The network infrastructure comprises three groups of hosts and several peripheral
hardware. Among this hardware, the network components shown in the thumbnails
have been used to implement the local Intranet Configuration described below. In
detail these are:
- D-Link 8-port Gigabit Switch DGS-1008D
- D-Link 5-port Gigabit Switch DGS-1005D
- Allied Telesis AT-MC15 Media Converter
- Allied Telesis AT-MX10 Transceiver (T)
- AVM FRITZ!Box 7490 - VDSL/WLAN Router
- Apple Time Capsule and Wi-Fi Base Station
- Belkin 7-port Ultra-Slim USB2 Desktop Hub
- Apple Ethernet Adapter USB2 to RJ45 (A)
The unmanaged switch DGS-1008D provides communication services on the
intranet to a group of hosts located in a superior floor. I.e, a LACIE 500GB network
hard disc, an ASUS Dual Boot PC running Windows and LINUX, a P2015n Hewlett
Packard network printer, as well as two Symbolics NXP1000 workstations, Venus
and Mars, connected to the intranet each via a Allied Telesis AT-MX10 Transceiver
(T) and an AT-MC15 Media Converter, which handle the communication traffic
between main RJ45 intranet and BNC subnet, respectively. Also on this floor, an
Apple Airport Express Base Station provides the capability for mobile devices to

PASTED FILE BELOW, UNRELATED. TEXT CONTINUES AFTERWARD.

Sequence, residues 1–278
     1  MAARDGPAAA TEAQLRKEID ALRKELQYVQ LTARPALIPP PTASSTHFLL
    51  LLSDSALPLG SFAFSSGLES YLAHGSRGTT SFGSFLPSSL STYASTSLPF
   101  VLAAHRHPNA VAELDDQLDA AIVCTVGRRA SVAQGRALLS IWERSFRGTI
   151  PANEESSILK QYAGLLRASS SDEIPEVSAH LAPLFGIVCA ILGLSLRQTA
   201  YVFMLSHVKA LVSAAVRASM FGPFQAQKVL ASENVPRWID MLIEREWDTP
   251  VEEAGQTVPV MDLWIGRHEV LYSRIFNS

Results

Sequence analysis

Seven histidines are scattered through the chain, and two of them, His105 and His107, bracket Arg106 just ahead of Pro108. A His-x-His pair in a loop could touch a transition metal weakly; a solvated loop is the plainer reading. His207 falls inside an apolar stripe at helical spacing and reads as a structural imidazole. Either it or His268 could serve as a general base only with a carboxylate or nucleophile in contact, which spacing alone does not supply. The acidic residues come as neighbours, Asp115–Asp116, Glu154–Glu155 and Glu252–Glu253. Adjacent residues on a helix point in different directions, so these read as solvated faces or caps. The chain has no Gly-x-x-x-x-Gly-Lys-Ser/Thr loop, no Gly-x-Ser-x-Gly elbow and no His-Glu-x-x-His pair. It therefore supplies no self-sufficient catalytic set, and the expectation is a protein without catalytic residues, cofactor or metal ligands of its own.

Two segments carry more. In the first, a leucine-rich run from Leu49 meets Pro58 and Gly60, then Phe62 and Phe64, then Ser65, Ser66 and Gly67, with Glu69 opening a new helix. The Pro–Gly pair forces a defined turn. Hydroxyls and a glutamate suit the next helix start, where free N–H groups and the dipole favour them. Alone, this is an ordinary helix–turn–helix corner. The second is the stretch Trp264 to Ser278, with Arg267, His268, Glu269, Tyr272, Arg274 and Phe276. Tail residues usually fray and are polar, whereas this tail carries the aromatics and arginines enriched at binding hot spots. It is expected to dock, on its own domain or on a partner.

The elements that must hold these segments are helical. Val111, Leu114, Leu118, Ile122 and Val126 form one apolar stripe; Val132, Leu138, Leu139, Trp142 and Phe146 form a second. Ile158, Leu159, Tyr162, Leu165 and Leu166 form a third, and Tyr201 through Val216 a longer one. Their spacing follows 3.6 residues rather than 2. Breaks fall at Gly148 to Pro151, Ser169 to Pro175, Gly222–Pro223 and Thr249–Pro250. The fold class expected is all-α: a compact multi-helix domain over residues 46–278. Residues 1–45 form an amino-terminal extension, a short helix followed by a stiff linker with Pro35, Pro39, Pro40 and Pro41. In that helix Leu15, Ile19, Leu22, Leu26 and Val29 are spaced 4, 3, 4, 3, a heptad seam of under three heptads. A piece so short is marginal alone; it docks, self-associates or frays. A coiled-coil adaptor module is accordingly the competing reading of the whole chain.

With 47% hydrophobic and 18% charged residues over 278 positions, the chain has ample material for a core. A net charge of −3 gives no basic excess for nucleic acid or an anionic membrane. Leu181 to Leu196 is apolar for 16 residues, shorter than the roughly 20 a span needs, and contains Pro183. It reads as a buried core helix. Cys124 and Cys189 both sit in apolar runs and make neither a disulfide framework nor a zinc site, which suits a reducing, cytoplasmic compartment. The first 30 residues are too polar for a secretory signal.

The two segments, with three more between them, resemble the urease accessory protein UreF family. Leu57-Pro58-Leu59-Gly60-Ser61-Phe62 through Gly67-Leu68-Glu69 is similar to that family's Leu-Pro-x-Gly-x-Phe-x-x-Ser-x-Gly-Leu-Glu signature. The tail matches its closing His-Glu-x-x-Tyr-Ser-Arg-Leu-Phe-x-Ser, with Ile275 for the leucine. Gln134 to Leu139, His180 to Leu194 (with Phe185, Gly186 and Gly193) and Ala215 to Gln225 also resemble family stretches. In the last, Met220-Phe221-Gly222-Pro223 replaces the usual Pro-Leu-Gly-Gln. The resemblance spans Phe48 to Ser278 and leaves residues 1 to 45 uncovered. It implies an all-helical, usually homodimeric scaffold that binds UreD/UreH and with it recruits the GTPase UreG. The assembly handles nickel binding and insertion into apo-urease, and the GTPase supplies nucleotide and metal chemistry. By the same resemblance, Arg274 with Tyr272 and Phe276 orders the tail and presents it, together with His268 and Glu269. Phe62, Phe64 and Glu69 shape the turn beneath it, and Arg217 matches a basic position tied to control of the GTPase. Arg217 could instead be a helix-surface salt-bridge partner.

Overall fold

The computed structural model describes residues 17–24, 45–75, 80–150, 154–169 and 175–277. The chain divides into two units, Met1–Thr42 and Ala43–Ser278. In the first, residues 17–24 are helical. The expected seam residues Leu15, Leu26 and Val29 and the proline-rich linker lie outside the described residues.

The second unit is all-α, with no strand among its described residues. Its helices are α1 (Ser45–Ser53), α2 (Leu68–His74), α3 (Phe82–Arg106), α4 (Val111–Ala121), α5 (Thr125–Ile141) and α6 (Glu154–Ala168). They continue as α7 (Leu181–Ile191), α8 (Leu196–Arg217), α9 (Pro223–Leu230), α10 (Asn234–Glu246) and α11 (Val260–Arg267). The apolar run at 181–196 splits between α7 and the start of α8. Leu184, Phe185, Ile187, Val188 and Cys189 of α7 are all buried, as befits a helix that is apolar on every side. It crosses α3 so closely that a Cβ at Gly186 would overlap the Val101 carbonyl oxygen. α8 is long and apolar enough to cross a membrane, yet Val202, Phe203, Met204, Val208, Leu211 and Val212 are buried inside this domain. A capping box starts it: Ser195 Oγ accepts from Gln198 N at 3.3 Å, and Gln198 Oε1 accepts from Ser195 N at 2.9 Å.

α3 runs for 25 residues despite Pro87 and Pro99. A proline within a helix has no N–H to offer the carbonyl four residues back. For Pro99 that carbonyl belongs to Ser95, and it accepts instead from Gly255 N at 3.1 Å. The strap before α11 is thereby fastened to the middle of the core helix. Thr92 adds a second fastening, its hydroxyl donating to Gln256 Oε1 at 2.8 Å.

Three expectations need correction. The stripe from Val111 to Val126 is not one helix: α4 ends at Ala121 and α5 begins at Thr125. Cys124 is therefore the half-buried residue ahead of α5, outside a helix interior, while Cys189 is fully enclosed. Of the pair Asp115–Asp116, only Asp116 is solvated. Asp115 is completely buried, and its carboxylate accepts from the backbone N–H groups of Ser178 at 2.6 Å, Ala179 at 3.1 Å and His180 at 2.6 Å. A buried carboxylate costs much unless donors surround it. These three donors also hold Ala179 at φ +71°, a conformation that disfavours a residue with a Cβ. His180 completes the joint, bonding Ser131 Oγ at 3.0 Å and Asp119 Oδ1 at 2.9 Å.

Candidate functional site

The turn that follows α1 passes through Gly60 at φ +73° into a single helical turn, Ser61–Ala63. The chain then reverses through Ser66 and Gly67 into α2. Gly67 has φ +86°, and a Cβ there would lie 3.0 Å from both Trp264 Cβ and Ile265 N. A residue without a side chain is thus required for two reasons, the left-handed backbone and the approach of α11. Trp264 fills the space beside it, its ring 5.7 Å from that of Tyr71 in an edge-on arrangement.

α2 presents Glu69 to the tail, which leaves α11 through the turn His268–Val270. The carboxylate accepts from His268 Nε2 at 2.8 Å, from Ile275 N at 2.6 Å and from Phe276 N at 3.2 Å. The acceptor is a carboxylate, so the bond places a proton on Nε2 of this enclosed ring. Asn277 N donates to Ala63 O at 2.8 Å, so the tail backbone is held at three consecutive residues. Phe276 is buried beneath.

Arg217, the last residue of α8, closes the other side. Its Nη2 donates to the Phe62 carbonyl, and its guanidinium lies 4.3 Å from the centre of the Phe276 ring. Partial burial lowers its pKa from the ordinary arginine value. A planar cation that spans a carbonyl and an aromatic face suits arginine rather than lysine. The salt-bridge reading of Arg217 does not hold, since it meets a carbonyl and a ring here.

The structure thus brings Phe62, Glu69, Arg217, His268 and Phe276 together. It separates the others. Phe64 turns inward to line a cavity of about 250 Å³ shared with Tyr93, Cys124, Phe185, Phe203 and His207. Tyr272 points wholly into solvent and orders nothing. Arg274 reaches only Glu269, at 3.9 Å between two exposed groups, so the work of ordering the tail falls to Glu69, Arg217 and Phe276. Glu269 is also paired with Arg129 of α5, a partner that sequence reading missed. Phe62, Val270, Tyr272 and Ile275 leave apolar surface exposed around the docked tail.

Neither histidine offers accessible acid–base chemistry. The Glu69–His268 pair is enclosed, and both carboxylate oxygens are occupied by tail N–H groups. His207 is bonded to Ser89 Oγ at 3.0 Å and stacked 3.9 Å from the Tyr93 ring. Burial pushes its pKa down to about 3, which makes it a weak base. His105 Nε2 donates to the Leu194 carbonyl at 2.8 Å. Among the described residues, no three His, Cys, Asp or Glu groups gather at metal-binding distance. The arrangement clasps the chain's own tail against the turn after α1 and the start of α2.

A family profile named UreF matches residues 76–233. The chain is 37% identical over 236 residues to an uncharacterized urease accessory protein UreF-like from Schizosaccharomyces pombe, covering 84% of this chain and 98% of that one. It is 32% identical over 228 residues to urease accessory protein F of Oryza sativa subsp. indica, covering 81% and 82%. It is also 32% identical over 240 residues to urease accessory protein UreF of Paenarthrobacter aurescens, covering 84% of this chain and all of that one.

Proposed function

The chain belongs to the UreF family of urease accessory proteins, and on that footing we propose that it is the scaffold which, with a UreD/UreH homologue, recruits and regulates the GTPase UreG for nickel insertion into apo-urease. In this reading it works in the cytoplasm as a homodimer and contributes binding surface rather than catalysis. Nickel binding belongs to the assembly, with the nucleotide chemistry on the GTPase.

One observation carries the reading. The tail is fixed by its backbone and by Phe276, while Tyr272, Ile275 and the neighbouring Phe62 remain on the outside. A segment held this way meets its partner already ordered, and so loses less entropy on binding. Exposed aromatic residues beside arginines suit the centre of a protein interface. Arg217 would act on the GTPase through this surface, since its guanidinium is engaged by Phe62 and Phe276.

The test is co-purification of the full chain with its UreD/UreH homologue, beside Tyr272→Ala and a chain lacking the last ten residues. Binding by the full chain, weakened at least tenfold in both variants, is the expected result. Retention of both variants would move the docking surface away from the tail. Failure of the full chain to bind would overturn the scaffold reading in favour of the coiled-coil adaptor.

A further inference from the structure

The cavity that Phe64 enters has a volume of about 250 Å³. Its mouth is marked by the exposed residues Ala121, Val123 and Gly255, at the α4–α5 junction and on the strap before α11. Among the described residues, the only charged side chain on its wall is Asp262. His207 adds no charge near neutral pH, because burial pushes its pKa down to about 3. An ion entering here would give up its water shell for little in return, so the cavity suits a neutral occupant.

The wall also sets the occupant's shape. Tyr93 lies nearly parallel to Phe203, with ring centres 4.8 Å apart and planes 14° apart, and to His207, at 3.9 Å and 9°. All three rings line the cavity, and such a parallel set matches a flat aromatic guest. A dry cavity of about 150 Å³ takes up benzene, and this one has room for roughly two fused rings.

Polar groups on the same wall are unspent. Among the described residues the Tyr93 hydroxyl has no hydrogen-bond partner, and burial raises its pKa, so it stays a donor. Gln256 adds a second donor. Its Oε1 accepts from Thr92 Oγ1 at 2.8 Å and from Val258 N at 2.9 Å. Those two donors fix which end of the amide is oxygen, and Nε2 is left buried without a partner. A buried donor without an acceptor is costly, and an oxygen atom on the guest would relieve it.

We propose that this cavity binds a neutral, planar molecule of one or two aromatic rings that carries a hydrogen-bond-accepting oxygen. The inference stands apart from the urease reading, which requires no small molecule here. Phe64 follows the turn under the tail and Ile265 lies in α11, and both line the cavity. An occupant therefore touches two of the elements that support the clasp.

access the intranet via Wi-Fi standard 802.11 b/g/n.
A second unmanaged switch DGS-1005D provides communication services in an
intermediate floor to a VAIO computer running Windows 7 and handles all intranet
communication traffic to and from the internet, via the AVM router FRITZ!Box 7490.
This router also provides name and network configuration services to all hosts on
the intranet and via a firewall handles port forwarding requests from the internet.
Further on, a third managed switch, i.e an Apple Time Capsule configured as a
bridge, provides communication services in a first floor to an Apple Mac mini Server
running Debian Linux, and to several other hosts connected to the intranet via a
subnet to the main RJ45 intranet. Among these hosts are a LACIE P9220 500GB
hard disc, a LACIE DVD, a 8GB TDK USB flash drive (F) and two Nokia N900
tablets running MAEMO LINUX with a single shared USB2 mouse (M) and
Finally the Apple Time Capsule also includes a full-featured 802.11 b/g/n Wi-Fi
base station with simultaneous dual-band support and an embedded 2TB hard disc
that is used on the intranet for backup purposes. Both Apple Time Capsule and
AVM FRIT!Box additionally offer network services to Nokia N900 Maemo tablets